John Leguizamo discusses Latinx representation, comedy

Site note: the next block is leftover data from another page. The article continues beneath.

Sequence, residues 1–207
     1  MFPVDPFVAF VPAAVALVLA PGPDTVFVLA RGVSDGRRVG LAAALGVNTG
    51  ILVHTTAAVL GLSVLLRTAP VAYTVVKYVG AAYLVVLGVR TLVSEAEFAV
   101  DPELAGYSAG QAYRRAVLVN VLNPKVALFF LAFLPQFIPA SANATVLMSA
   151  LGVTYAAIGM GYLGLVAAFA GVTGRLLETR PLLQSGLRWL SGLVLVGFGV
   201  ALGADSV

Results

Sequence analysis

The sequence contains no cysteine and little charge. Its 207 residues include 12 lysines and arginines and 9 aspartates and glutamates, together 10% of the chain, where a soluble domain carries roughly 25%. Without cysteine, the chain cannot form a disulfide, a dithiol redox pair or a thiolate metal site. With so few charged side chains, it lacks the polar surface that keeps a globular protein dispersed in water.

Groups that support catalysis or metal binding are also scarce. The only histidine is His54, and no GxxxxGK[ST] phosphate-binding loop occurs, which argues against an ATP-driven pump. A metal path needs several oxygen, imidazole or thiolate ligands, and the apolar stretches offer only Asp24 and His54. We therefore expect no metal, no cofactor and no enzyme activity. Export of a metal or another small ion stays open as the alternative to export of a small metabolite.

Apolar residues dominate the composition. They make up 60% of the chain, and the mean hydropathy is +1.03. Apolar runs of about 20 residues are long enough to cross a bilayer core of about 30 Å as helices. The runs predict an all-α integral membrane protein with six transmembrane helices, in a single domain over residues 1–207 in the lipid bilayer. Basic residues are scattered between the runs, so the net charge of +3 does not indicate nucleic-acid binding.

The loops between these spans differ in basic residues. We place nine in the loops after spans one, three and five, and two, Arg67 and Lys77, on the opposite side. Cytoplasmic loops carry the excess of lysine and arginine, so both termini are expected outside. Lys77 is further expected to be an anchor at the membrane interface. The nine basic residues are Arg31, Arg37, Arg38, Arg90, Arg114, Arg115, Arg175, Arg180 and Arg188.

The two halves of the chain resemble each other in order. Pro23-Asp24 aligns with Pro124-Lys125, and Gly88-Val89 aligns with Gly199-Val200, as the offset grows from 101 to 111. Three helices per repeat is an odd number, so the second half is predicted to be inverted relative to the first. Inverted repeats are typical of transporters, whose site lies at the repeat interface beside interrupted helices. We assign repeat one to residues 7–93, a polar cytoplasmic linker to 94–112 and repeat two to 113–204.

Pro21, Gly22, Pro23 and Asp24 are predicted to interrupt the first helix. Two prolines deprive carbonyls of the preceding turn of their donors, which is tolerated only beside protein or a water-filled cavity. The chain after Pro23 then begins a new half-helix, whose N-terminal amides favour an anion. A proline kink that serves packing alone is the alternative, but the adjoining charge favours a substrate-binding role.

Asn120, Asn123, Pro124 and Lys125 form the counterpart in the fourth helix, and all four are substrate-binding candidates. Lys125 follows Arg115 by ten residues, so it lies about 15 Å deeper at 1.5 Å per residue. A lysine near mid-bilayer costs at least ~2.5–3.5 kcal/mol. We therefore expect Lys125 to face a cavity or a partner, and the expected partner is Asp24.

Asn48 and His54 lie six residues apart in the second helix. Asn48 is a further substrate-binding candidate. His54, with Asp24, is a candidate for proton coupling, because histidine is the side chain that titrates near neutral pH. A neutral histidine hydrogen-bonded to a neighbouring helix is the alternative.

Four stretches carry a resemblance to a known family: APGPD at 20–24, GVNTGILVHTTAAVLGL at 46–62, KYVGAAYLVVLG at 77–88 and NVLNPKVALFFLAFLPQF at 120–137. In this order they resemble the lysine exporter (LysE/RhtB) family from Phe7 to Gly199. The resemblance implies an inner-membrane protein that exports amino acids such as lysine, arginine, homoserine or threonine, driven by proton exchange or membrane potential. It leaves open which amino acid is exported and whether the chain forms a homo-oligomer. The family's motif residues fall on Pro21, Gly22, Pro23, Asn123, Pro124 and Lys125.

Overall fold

first_img“You can’t be an artist and want to please. I think you have to do your work and take the consequences,” Leguizamo said. CPD partnered with the Center Theatre Group to host the event in an effort to teach the USC community about the role of art in storytelling and how entertainment can be an educational tool. Leguizamo’s comedy show, which has been on Broadway and was a taped Netflix special, seeks to engage and educate audiences about the history of great Latinx contributions to the world. This type of shocking “cultural apartheid,” as Leguizamo put it, resulted in a gap in the American public’s knowledge concerning Latinx history, that Leguizamo strives to fill with his show. While researching the project, Leguizamo discovered that Latinx people were influential in all of American history, yet the stories of these heroes were not told in history classes.  “In ‘Latin History For Morons’ the ‘morons’ [are] all of us. We [Latin people] ourselves don’t know our contributions to America, let alone the world,” Leguizamo said. “The purpose of the show is to give Latinx people self-respect and to ask other people — non-Latin — to respect us [too].” Many audience members were curious about how Leguizamo was able to synthesize Latin American history and about whether he views himself as a cultural ambassador for Latinx people. Leguizamo said he thinks of himself less as a role model and more as a figure that his community can relate to.  “[Latin Americans] are the only ethnic group to have fought in every single war America has ever had,” Leguizamo said. “The second oldest ethnic group in America, after Native Americans.” “Latin kids had never seen a Latin person on stage,” he said. “I don’t go into it thinking I’m representing my people, but I do go into it thinking I’m talking to my people. I’m a mirror…so [Latinx people] can see themselves, to see that we have value … and [are] culturally relevant.” However, not everyone is as open-minded when watching the show. Leguizamo acknowledges that he cannot please everyone.  Taccone added that the show had to balance humor with respect and that no actor can make everyone happy.  John Leguizamo created “Latin History for Morons” in an effort to educate and empower all audiences. (Krystal Gallegos | Daily Trojan) Actor John Leguizamo discussed the creative process for his one-man comedy play, “Latin History for Morons,” with award-winning director Tony Taccone at the Annenberg School for Communication and Journalism Wednesday. Nearly 60 people attended the Center on Public Diplomacy event, titled “Latin History for Morons: Theatre and Public Diplomacy.”  “There are also comic edges, [like] at what point … [is a joke] too offensive … you try to find what the balance is,” Taccone said. “One of the great things about John is that he is equally skilled as a comic actor as he is as a dramatic actor.”  Leguizamo emphasized how the purpose of the show is to pay respect to the Latinx community.  He was inspired to create the show after learning that his 12-year-old son was getting bullied and racially profiled at school. He said that educating the public about Latinx history is empowering.  In his show, Leguizamo presents Latinx history with as much informational depth as he can, while striving to make it comedic in an attempt to keep the audience properly engaged with the historical material. His inspiration for this format was his own educational experience in school. Lenora Quinonez, a graduate student studying public diplomacy, found the event enlightening and appreciates Leguizamo’s goal to represent Latin history in a respectful and meaningful way.  Ashley Baird, a graduate student studying communication management, said she attended the event to learn more about Latinx culture.  “My husband is a Mexican immigrant … so I want to learn more about Latin culture,” Baird said.“My family has always been open-minded to other cultures, so I’m interested to learn more.”   “My favorite teachers and professors were always the most outrageous and the funniest,” Leguizamo said. “Tony and I took it to an exaggerated place as I want to reach young Latinx people.” “I don’t really know that much about Latin history,” she said, “but I’m more interested now.” last_img read more